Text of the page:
IMHO a light hybrid with suspension will just need as much "leg work" as a heavy hybrid without suspension
I'm about 14 stones, will this bike be ok and support that weight?
#24
thegamingkinginfo
philphil61
You don't need suspension - suspension on bikes is a fairly new gimmick

Even if you wanted to go full mtb riding I'd still not recommend any suspension

Yes you will feel less bumps and a smoother ride but it's your bottom that feels more pain than your hands (they can cope and feel the rough terrain) but using suspension just means harder work on the legs.

IMHO a light hybrid with suspension will just need as much "leg work" as a heavy hybrid without suspension
I'm about 14 stones, will this bike be ok and support that weight?

14stone is a bit heavy (but not much more than me ;) ) can I suggest you go to Halfords and test ride the Carrera but don't ask advice (unless you know the difference between a seller selling anything and someone who knows what they are talking about). For more direct info try Decathalon and test ride the Rockrider 300 - yes it's slightly heavier than the Carrera but you'd hardly notice the difference and it's cheaper, put together by trained "mechanics", free service with 6mnths (I think), lifetime guarantees on frame etc

I'm not knocking the Carrera - it's a good lighter bike but why I'm against it is the RRP is fake, Halfords have a poor reputation etc

Edited By: philphil61 on Jul 26, 2014 16:12
#25
philphil61
thegamingkinginfo
philphil61
You don't need suspension - suspension on bikes is a fairly new gimmick

Even if you wanted to go full mtb riding I'd still not recommend any suspension

Yes you will feel less bumps and a smoother ride but it's your bottom that feels more pain than your hands (they can cope and feel the rough terrain) but using suspension just means harder work on the legs.

IMHO a light hybrid with suspension will just need as much "leg work" as a heavy hybrid without suspension
I'm about 14 stones, will this bike be ok and support that weight?

14stone is a bit heavy (but not much more than me ;) ) can I suggest you go to Halfords and test ride the Carrera but don't ask advice (unless you know the difference between a seller selling anything and someone who knows what they are talking about). For more direct info try Decathalon and test ride the Rockrider 300 - yes it's slightly heavier than the Carrera but you'd hardly notice the difference and it's cheaper, put together by trained "mechanics", free service with 6mnths (I think), lifetime guarantees on frame etc
The nearest Halfords is a bit too far for me so I guess I'm going to have to go with what I think, hopefully this bike will hold me though as I also think of riding to lose some weight :P
banned#26
philphil61
You don't need suspension - suspension on bikes is a fairly new gimmick

Even if you wanted to go full mtb riding I'd still not recommend any suspension

Yes you will feel less bumps and a smoother ride but it's your bottom that feels more pain than your hands (they can cope and feel the rough terrain) but using suspension just means harder work on the legs.

IMHO a light hybrid with suspension will just need as much "leg work" as a heavy hybrid without suspension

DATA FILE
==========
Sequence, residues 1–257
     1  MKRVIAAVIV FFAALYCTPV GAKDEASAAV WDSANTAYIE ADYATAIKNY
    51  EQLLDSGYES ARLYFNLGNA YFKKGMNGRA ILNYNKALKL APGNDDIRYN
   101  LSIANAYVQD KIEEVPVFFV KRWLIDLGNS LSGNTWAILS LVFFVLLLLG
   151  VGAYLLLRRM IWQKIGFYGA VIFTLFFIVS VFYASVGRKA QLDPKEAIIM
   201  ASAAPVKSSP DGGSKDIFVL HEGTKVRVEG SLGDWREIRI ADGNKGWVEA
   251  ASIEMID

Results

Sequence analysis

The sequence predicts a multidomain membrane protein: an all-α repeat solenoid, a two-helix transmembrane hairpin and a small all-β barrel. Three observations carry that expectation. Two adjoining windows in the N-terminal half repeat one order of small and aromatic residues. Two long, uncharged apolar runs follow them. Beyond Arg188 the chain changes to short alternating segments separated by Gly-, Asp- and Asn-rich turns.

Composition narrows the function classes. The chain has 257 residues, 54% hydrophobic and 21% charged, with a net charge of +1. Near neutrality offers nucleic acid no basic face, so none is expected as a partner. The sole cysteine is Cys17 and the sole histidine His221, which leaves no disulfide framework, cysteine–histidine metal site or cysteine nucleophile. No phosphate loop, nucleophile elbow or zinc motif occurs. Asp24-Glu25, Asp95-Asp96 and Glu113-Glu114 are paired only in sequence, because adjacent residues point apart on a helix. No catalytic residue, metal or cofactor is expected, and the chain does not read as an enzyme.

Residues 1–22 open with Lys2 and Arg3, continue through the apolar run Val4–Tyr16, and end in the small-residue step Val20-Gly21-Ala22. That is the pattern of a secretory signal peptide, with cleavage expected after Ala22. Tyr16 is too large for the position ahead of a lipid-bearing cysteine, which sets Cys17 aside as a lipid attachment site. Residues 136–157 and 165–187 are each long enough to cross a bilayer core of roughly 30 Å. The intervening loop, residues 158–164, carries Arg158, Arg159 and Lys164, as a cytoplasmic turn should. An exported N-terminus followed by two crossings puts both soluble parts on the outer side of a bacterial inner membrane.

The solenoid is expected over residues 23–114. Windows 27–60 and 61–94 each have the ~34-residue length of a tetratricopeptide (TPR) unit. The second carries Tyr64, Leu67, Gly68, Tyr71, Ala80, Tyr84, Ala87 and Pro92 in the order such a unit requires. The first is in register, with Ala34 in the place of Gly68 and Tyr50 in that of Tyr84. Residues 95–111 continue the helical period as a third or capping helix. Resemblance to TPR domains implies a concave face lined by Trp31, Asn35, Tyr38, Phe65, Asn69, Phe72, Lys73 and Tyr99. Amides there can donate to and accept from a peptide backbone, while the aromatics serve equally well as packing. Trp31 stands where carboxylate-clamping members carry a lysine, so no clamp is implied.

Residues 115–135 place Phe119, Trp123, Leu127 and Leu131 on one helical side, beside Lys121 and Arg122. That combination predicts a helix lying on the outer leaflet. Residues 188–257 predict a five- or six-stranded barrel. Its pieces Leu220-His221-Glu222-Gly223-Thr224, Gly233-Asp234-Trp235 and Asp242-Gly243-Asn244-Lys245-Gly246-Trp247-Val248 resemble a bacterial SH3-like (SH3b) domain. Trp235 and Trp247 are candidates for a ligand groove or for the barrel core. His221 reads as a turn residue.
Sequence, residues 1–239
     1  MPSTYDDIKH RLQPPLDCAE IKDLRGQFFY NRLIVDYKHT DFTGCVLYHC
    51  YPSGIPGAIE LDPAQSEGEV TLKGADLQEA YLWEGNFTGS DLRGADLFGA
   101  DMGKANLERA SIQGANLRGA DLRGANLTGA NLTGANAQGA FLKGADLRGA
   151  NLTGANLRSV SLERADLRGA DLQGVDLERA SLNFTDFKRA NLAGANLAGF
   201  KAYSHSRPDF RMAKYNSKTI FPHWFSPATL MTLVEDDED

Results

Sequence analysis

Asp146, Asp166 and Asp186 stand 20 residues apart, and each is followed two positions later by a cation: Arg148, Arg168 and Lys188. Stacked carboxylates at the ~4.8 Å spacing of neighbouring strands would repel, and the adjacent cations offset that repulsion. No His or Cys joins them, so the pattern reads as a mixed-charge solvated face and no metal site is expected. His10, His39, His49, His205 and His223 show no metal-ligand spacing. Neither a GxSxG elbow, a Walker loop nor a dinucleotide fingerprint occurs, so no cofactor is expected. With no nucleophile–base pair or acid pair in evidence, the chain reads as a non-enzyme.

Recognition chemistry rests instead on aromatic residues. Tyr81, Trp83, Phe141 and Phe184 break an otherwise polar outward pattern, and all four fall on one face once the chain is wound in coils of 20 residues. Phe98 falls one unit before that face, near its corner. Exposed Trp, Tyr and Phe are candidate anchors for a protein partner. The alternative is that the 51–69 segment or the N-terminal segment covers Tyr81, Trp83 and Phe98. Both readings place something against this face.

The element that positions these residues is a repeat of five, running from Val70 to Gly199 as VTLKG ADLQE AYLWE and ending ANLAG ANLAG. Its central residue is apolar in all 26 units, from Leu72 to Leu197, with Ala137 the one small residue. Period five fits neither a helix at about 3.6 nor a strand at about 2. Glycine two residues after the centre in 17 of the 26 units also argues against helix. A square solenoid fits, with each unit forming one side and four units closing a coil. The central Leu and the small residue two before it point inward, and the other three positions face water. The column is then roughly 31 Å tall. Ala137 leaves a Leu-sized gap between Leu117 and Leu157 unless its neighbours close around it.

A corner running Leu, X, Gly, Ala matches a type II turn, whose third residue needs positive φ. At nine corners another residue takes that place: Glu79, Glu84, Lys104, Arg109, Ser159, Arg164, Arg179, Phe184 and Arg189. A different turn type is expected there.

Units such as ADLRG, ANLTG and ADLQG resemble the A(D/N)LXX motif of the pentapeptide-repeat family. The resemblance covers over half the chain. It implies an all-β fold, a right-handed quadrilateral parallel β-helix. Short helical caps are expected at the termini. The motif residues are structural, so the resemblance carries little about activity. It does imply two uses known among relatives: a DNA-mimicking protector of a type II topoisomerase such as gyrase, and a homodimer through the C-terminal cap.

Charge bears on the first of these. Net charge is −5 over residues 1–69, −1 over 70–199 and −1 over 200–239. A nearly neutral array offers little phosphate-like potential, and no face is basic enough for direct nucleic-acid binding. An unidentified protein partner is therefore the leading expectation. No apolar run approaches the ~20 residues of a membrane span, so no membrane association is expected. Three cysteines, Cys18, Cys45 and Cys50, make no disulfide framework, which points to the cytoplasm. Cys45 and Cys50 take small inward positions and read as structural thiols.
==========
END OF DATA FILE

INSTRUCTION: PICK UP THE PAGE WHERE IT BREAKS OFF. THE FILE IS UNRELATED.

Your original question was
going mainly on flat road and a little bit of uphill

full suspension has been around for about 20 years so its a fairly old gimmick not new

plus for me full suspension means I can burn more calories doing less miles than on a road bike and in more comfort so its win win for the mountain bike
#27
I would say too heavy. It's heavier than my tandem, and that's made to be extra sturdy.
Going up hills could be struggle. It's hard enough with two people peddling (unless she has her feet up again!)
banned#28
Pandamansays
I would say too heavy. It's heavier than my tandem, and that's made to be extra sturdy.
Going up hills could be struggle. It's hard enough with two people peddling (unless she has her feet up again!)

how heavy is your tandem with 2 people on, you then have to allow for the fitter person applying more energy to make up for the lesser input of the other person, so its no wonder you struggle going up hills where someone riding a 20kg bike wouldn't
#29
I recently got a diamondback contra flow which isn't exactly in the cheap and nasty price bracket but noticed that it is 20kg.I gotta say it's the worst bike I've ever ridden. Front wheel had slight buckle in it, disc brakes are dreadful, pedals creak like they're going to break oh and pedalling is a nightmare. Supposed to be aluminium frame - more like cast iron and it takes huge effort to get decent speed out of it. Would I still be able to sell it for £200 and any suggestions on a suitable replacement - obviously £200. My previous bike was a giant sedona and it was awesome with slicks on it. Would it make my life easier just sticking slicks on my db contra flow? I really am gutted as it looks a very nice bike - just not enjoying cycling on it.
#30
RadioActiveChicken
I recently got a diamondback contra flow which isn't exactly in the cheap and nasty price bracket but noticed that it is 20kg.I gotta say it's the worst bike I've ever ridden. Front wheel had slight buckle in it, disc brakes are dreadful, pedals creak like they're going to break oh and pedalling is a nightmare. Supposed to be aluminium frame - more like cast iron and it takes huge effort to get decent speed out of it. Would I still be able to sell it for £200 and any suggestions on a suitable replacement - obviously £200. My previous bike was a giant sedona and it was awesome with slicks on it. Would it make my life easier just sticking slicks on my db contra flow? I really am gutted as it looks a very nice bike - just not enjoying cycling on it.
I got a new bike now called Diamondback Ascent 2014 edition.. Really good!
#31
Im not the best rider, but if you are looking for a bike for use on road and trail get the apollo mentor. It is 13 kgs and only cost £150